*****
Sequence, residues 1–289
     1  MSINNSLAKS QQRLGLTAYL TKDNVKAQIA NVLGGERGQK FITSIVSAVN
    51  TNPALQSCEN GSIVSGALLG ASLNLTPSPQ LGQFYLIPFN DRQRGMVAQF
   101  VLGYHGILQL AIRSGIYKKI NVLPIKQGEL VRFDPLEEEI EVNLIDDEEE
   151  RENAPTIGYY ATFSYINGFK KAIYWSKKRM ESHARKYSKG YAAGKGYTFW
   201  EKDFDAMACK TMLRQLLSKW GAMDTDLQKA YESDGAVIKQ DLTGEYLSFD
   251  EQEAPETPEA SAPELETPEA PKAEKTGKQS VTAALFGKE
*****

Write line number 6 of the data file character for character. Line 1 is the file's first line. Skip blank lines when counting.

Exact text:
   201  EKDFDAMACK TMLRQLLSKW GAMDTDLQKA YESDGAVIKQ DLTGEYLSFD